In the ocean, warmer waters can spell disaster for many marine species dependent on the colder currents. During El Niño years, cold-water schools of fish, which Galapagos penguins feed on, migrate away. As a result, during El Niño years, Galapagos penguins do not breed due to the increased chances of infant mortality and even death of the parents.
Strong El Niño events cause high mortality rates in marine iguanas; as many as 70% of the population were lost in the 1982-83 El Niño event. This is caused by a decline in their primary food source, algae. However, the marine iguana has developed some unique adaptations to try and cope with these changes.
To overcome the decline in food during El Niño events, marine iguanas become thinner and shorter, with their skeletal structure and snout shrinking in size – one of the only known species able to change the size of their skeleton! Individuals have been documented as reducing in size by up to 20% only to re-grow when an abundant supply of food returns.
How is GCT helping?
From grassroots to governments, we are working with a range of project partners to ensure a safe future for the thousands of species that call Galapagos home.
While there is nothing we can do to stop El Niño events from occurring, GCT is doing plenty to help minimise other controllable threats, some of which are influenced by El Niño, including the increased abundance of invasive species.
Supported by GCT, the Saving the Mangrove Finch Project is focussed on protecting the Critically Endangered mangrove finch from introduced black rats and the invasive parasitic avian vampire fly (Philornis downsi), which prey on eggs and young chicks. On Floreana, we are supporting one of the largest and most complex eradication projects ever conducted on an inhabited tropical island, with the ultimate aim of reintroducing locally extinct species that have been driven from the island by invasive species.
By eradicating the threat of plastic through our Plastic Pollution Free Galapagos programme and supporting the implementation and monitoring of Marine Protected Areas and sustainable fishing practices, we can increase the resilience of our ocean and its inhabitants to help mitigate the impacts of El Niño events.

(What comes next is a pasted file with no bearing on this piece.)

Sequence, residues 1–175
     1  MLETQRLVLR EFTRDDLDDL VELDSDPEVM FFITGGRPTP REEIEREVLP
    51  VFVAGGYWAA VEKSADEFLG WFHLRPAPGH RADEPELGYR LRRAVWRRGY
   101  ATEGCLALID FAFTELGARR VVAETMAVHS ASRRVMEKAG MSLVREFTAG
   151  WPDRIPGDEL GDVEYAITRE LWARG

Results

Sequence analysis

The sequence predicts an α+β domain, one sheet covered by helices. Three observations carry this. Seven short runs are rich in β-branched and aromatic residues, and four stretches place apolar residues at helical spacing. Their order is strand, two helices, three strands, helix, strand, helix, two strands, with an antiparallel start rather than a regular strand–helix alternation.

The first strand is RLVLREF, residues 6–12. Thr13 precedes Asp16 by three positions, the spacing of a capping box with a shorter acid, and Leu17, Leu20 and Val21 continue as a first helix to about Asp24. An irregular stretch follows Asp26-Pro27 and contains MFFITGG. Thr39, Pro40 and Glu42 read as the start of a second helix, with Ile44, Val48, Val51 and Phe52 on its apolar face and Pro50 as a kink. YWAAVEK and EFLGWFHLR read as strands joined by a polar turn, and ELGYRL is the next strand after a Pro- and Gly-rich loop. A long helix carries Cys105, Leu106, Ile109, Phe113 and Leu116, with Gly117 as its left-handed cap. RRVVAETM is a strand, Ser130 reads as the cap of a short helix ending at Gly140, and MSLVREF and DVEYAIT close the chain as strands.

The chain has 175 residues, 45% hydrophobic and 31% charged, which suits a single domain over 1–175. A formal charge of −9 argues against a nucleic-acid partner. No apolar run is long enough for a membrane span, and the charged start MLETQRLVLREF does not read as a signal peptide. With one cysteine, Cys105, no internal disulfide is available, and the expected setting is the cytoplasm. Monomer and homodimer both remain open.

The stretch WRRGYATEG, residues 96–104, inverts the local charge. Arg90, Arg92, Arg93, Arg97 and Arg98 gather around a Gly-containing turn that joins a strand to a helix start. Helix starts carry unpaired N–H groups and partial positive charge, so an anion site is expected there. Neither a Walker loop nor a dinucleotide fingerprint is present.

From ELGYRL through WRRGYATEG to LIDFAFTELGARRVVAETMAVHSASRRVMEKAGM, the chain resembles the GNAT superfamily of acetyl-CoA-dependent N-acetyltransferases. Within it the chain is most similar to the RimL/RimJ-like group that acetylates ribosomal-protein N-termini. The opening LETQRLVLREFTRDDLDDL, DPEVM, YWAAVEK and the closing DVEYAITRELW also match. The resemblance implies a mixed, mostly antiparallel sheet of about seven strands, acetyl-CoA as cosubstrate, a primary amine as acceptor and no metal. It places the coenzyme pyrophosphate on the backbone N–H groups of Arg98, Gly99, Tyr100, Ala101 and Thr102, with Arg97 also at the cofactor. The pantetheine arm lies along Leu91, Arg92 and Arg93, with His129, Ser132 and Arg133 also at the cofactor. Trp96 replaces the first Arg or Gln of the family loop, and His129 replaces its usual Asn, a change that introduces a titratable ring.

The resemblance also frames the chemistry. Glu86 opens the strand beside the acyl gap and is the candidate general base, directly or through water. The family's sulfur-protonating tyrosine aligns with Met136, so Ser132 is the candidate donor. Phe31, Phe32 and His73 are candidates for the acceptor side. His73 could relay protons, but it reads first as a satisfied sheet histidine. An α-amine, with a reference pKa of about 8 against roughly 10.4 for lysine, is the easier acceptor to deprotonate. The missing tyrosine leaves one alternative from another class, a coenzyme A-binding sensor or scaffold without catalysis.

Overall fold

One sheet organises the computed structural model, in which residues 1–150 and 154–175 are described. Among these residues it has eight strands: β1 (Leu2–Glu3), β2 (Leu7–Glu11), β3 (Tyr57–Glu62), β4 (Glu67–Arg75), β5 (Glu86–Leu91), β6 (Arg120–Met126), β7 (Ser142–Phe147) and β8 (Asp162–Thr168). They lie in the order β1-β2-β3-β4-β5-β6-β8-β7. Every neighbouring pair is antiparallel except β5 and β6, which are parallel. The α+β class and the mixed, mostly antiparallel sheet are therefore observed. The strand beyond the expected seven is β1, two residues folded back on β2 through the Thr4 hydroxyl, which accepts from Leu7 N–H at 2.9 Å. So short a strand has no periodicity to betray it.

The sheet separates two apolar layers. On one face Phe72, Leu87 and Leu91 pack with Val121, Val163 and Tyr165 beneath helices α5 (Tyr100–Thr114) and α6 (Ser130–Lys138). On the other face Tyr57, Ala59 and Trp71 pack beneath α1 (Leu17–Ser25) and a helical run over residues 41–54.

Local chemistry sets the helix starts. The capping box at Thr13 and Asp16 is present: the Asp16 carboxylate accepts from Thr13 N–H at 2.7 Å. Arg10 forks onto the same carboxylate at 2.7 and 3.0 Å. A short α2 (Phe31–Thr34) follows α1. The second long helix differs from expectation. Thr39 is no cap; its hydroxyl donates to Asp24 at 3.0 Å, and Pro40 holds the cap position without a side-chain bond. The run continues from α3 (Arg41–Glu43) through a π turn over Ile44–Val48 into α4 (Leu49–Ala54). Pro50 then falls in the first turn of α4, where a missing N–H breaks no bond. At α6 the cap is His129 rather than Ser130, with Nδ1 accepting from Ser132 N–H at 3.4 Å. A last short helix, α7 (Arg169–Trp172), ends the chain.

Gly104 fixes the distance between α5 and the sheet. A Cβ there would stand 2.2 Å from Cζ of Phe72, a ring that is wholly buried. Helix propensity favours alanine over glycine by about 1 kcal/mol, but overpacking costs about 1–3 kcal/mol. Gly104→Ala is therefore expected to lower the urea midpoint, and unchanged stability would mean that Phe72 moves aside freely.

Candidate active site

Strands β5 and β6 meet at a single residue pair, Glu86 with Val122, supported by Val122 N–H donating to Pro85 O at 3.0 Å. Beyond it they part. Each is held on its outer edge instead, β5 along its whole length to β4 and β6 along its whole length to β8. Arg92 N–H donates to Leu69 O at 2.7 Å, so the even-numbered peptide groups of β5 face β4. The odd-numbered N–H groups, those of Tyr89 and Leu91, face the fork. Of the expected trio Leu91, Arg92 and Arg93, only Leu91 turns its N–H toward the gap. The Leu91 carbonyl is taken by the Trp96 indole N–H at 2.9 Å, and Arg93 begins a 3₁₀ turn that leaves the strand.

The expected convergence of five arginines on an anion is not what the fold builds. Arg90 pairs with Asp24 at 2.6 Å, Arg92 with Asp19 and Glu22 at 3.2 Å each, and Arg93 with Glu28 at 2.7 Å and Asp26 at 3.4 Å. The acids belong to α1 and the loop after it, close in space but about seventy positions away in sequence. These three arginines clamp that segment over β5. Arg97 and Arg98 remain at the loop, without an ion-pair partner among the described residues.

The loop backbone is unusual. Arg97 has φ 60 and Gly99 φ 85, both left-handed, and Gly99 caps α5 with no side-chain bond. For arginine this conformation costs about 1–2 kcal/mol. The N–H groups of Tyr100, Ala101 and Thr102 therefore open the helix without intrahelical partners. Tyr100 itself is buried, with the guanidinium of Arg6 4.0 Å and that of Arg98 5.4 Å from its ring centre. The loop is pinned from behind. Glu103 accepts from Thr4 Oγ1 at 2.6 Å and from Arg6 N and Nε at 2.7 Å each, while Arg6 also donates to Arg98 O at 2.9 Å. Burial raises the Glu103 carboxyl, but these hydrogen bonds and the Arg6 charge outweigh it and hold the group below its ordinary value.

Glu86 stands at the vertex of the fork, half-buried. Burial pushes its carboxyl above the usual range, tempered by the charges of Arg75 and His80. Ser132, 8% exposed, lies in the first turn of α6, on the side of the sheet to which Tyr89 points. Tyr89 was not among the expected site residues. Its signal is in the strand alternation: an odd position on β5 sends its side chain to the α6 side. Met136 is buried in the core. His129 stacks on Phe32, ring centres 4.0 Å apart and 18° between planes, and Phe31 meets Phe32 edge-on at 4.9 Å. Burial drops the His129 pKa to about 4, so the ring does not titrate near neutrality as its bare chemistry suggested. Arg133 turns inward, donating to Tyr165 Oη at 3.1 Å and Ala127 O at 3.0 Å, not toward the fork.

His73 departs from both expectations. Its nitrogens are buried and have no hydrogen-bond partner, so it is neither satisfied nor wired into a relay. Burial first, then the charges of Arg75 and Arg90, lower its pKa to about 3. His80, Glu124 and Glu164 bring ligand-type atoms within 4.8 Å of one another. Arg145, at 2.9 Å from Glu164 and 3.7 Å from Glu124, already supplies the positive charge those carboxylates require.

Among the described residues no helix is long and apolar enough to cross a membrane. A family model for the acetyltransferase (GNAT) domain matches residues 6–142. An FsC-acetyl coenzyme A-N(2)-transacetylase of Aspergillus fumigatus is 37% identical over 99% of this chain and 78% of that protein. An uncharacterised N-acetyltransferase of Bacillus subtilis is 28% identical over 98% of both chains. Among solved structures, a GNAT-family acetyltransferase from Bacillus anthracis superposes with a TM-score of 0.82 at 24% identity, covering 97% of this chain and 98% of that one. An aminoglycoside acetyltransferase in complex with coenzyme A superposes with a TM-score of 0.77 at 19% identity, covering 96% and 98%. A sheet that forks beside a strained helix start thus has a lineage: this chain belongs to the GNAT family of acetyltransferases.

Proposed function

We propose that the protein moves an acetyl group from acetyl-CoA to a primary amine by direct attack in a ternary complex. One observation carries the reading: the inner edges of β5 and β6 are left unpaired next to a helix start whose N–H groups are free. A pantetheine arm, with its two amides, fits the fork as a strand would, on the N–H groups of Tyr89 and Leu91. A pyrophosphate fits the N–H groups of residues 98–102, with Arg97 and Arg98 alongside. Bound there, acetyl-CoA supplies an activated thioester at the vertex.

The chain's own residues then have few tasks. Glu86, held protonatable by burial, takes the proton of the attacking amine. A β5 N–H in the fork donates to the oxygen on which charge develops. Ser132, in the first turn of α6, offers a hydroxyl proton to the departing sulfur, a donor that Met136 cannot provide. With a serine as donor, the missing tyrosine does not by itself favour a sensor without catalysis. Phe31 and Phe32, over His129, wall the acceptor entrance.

El Niño watch
According to the World Meteorological Organization, 2023 marks the beginning of a new El Niño event, with scientists predicting extreme weather events and soaring temperatures that could surpass those experienced during the last major El Niño in 2015-6. Sadly, some climate models warn that we can expect more frequent and intense El Niño events in the future due to climate change and rising global temperatures.
While it is impossible to know the exact long-term effects of this El Niño on the Galapagos Islands and the thousands of species that call it home, we can expect a significant impact on the delicate balance of nature in the Archipelago.
of marine iguanas were lost in the 1982-83 El Niño event
Support our Ocean Protection Appeal
Our vision is of the seas around Galapagos free of pollution and full of life, but we need your help to tackle the interconnected threats of unsustainable fishing, plastic pollution and climate change.
Once home to some of the most iconic wildlife in Galapagos, Floreana has been devastated by invasive species.
We are supporting a hugely ambitious project to restore the island to its former glory.